This notorious Mac malware has resurfaced as an office productivity app — how to stay safe

This notorious Mac malware has resurfaced as an office productivity app — how to stay safe

Macs are under attack from a new variant of the infamous XLoader malware which has been rewritten to run natively on the best MacBooks.

While XLoader has been around since at least 2015, it was primarily used to target Windows PCs until a macOS variant was spotted back in 2021. However, that version was distributed as a Java program which limited its ability to run on Macs since Apple hasn’t included the Java Runtime Environment on its computers for more than a decade.

Now though, a new version of XLoader, written in the C and Objective C programming languages that’s also signed with an Apple developer signature, has been spotted in the wild according to a blog post from the cybersecurity firm SentinelOne.

Hackers have also come up with a clever way to trick unsuspecting Mac users into installing this new version of XLoader. Unlike in the past when the malware was distributed as an attachment in phishing emails, it’s now masquerading as an office productivity app called “OfficeNote.”

Stealing clipboard data from vulnerable Macs

This new version of XLoader is bundled inside an installation file for the fake productivity app OfficeNote and while it was signed with a developer signature back in July of this year, Apple has since revoked the signature.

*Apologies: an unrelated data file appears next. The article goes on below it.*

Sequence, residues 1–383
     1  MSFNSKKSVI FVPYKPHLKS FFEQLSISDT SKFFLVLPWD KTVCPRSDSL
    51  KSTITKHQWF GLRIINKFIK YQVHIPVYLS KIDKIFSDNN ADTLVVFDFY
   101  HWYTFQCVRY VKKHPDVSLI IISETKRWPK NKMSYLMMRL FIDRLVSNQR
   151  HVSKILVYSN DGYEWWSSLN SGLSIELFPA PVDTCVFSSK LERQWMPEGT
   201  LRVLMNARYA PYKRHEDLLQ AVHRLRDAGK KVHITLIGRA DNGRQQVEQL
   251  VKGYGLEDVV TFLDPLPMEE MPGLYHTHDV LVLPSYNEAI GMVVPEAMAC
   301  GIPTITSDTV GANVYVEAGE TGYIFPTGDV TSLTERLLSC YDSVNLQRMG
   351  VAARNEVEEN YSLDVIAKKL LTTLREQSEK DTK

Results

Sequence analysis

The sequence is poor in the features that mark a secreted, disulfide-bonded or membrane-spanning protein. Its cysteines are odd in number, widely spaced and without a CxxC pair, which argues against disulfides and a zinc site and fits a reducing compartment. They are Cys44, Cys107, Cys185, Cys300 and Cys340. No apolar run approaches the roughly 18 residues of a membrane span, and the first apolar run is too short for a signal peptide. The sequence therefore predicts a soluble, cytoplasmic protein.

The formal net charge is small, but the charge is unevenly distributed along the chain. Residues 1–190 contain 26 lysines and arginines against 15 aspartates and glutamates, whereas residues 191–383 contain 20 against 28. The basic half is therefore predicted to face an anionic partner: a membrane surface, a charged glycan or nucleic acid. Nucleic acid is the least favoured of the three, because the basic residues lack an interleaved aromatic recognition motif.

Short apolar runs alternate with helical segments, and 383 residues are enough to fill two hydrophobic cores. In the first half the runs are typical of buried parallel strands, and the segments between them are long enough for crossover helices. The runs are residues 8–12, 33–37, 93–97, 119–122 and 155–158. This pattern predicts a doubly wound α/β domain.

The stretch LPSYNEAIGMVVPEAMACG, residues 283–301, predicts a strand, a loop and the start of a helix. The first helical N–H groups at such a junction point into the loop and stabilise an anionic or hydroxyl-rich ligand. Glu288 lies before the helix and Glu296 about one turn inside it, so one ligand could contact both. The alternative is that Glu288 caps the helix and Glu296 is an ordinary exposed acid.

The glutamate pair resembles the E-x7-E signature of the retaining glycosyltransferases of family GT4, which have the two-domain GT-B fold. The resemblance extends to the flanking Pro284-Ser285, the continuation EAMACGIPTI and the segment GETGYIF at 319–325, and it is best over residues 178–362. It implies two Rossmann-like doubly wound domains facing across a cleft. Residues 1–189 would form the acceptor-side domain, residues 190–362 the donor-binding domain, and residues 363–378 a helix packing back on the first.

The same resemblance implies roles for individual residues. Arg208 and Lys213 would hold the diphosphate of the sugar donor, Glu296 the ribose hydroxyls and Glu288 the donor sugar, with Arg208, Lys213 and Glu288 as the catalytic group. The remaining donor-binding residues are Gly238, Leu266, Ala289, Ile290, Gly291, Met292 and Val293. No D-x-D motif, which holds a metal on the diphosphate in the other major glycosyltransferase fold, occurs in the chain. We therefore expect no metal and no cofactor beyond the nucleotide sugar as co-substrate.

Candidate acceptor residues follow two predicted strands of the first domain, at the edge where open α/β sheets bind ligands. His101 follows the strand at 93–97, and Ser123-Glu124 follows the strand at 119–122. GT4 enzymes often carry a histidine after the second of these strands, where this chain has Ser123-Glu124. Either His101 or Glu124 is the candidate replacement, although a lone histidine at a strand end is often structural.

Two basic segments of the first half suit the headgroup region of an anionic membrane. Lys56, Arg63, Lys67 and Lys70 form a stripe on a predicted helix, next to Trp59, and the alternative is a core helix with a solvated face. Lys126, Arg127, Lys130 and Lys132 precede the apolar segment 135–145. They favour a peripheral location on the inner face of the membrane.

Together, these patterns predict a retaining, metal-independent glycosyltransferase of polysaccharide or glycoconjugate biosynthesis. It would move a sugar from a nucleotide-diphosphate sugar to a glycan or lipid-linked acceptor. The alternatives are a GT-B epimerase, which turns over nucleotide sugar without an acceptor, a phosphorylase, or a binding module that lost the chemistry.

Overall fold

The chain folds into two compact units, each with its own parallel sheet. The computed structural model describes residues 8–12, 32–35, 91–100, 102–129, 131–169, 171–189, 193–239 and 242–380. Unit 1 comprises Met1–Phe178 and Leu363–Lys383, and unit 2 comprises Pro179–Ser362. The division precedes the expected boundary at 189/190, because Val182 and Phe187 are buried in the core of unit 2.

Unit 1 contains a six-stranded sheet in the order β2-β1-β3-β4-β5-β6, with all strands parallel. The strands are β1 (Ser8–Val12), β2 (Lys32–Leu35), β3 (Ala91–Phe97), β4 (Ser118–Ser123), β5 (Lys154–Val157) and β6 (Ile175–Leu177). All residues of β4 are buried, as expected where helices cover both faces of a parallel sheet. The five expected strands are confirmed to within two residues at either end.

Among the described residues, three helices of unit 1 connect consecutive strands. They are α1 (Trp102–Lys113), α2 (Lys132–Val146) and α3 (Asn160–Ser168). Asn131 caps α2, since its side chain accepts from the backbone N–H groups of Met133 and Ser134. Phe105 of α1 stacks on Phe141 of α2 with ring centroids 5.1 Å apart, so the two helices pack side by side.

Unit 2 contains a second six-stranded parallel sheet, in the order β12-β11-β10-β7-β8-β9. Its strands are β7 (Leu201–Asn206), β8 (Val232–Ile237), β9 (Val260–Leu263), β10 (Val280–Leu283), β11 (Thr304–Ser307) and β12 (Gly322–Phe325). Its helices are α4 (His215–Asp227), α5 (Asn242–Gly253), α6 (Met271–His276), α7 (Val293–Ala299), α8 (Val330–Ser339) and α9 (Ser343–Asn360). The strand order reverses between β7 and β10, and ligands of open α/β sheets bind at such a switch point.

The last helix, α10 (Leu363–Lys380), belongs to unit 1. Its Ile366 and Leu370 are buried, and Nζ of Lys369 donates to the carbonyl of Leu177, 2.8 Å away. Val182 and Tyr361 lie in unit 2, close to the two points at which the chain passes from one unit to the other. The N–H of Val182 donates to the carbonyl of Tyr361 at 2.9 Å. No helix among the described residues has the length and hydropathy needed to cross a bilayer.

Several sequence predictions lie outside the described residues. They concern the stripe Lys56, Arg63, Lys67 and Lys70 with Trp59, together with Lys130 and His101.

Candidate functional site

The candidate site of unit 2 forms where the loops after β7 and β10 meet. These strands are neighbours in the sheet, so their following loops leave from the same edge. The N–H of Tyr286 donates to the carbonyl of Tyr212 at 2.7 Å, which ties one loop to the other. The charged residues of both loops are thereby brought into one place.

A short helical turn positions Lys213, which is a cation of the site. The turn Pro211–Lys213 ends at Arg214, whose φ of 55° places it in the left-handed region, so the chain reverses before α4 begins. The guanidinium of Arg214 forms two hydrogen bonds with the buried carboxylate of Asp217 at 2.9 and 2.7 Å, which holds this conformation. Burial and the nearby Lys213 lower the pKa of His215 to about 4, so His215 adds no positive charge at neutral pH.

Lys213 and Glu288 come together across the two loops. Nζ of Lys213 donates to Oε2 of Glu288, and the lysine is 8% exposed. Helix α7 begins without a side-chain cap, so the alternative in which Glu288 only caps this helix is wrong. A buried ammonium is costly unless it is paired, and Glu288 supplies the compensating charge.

Unfortunately though, as SentienOne’s tests have confirmed, Apple’s own XProtect malware scanner does not have the necessary signature to prevent this malicious app from running on your Mac.

XLoader is actually a Malware-as-a-Service offering that hackers pay its creators to use in their attacks. According to posts on dark web hacking forums, it costs $199 per month or $299 for three months to gain access to this new macOS version of XLoader, which is much more expensive than its Windows counterpart which costs $59 per month or $129 for three months.

If an unsuspecting Mac user does download and try to install the malicious OfficeNote app, they’re greeted with an error message which says that the program can’t be installed. Instead, the XLoader malware is installed on their system and it also deploys a persistence agent so that it can remain undetected on an infected Mac.

From here, XLoader attempts to steal passwords and other sensitive data from a user’s clipboard in macOS. It also targets both Google Chrome and Mozilla Firefox to steal cookies and other data stored in your browser but just like other infostealing malware on Mac, it ignores Safari.

How to stay safe from malicious Mac apps

macOS security

(Image credit: Shutterstock)

In order to protect yourself from malicious apps on Mac, you want to avoid installing software for unofficial sources online. Instead, you should stick to the Mac App Store or the sites of reputable developers with a history of making secure software.

While your Mac has built-in security software like XProtect and Gatekeeper, you should also consider installing and using one of the best Mac antivirus software solutions for additional protection. Third-party Mac antivirus software is updated more frequently which can help you stay safe from viruses that XProtect or Gatekeeper may miss.

Now that there’s a brand new version of XLoader designed specifically for macOS that’s available for hackers to rent online, expect to see similar campaigns in the future targeting vulnerable Macs.

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